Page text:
We have three children at West, all high achievers in school thus far. While I don’t consider everything at West to be perfect by any means, I don’t find my children’s curriculum to be “one size fits all.” I would like to see discussion move beyond this somewhat tired phrase.

  5. Sorry you’re tired of the phrase, Kay. I’ll be interested to hear how your children feel four years-six years from now, once they’ve gone on to university. What I was referring to in the one-size-fits-all phrase are the changes underway at West, not yet fully implemented, but certainly coming.
    I believe there has been a great deal of discussion here about the Small Learning Community grant and its impact on curriculum, also specific discussions regarding the untested changes to West’s English programming as well as posts on the wide differences among our high schools as to AP course offering, West offering the fewest and none in science.
    I find the phrase apt and a shorthand for those lengthier conversations.

  6. My idea was more along the lines of “Think how many MORE NMSF’s MMSD might have, given their extraordinarily talented student base, if students were offered something more than the non-accelerated, homogeneous, one-size-fits-none curriculum which is currently available in MMSD K-8 (actually it’s getting to be K-9 and coming K-10.” OK, there’s a bit of something in math in some middle schools, but not much in other subjects. Yes, it’s a relief that so many emerge from the system intact. Good news, indeed. Good news for those students. But not such good news for those students who don’t have the requisite inner strength to persevere against the headwinds and aren’t as well supported at home, but who might have also been on the list if a gifted/honor program had been available to boost them during their K-8 years.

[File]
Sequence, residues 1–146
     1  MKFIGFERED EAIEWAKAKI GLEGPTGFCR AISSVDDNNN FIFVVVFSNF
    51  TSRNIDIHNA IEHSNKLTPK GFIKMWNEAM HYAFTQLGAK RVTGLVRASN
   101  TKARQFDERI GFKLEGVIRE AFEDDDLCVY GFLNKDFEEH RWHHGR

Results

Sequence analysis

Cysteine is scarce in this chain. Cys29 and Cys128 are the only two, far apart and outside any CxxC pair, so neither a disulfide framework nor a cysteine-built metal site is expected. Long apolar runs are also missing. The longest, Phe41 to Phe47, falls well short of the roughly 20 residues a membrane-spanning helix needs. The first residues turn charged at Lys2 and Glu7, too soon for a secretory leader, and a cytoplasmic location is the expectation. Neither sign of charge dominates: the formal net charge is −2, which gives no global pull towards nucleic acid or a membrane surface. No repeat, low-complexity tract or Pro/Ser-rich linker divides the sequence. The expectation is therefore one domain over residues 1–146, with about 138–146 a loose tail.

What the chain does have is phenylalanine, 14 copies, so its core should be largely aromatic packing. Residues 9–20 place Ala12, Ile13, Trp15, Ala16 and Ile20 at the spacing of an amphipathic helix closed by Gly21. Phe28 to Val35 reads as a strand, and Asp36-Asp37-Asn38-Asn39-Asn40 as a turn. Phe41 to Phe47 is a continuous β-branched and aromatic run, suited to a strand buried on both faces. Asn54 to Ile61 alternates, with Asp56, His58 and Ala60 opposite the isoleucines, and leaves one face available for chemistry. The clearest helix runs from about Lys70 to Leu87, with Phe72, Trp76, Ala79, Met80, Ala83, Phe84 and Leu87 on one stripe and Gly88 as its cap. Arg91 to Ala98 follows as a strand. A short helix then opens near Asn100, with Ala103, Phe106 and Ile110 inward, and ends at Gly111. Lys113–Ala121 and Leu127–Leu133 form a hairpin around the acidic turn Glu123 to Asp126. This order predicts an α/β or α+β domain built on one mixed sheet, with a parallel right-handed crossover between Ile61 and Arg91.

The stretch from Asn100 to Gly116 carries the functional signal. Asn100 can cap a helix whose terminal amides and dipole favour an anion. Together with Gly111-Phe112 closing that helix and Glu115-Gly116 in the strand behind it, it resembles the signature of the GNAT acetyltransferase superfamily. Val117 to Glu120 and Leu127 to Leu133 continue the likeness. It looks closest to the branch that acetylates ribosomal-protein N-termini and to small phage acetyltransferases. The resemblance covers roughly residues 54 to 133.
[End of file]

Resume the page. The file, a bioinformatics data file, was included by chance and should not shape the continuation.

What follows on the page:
7. Sorry, Joan, I don’t find the phrase “apt.” If you mean “heterogeneous classes” in some subjects and grades, I think just saying so would contribute to a more nuanced discussion.
    My 11th grade daughter is taking what are clearly advanced track classes in science, math, and English. She had an excellent experience in English 10, in which she did the honors option, but that was mostly due to an exceptional teacher, which for my money trumps everything else every time. My 9th graders are taking classes out of grade level in 2 subjects.
    So to say that this curriculum is “one size fits all” strikes me as a slogan rather than a description. There is, I agree, a worthwhile discussion to be had regarding tracking at West–where it exists, where it is unacknowledged, for whom it is working, whom it is failing, how it could be improved–but people slinging slogans around is not a discussion.
    I am trying to decide whether the concern you express for my children’s future well-being is sarcastically meant. You sound as if you’re implying that I’ll regret my alleged complacency later. I am anything but complacent. I expect, however, regardless of bumps in the road, that my children will feel fine in college and beyond. In part that may be because our idea of a great college experience is not necessarily reviewing advanced classes you took in high school in order to put up the highest grades with the least effort.

  8. Kay,
    Your 11th grader has only seen changes in English. The changes that are coming will involve more subjects and extend beyond 10th grade. So perhaps you misunderstand me or I you. I’m talking about the overhaul to the high school curriculum brought on by the SLC grant, the extension as well as the first one that brought us West’s English 9 and 10.
    I am not being at all sardonic on how you might feel after West. I would truly be interested in your perspective after your children attend college. Our children did not attend UW after West (during, but not after.) In both their cases, Stanford and Macalester, their peers almost universally had taken the entire AP curriculum at their high schools. As I noted, these peers were also not placing out of subjects, but repeating them.
    What is coming is the extension of the K-8/ heterogeneous classes model in as many subjects and across as many grades as the district can get away with. In my opinion, and of course you may take that however you wish, it will not serve well those students like your children who are able, ready and interested in a more challenging curriculum, like the one their college peers are having.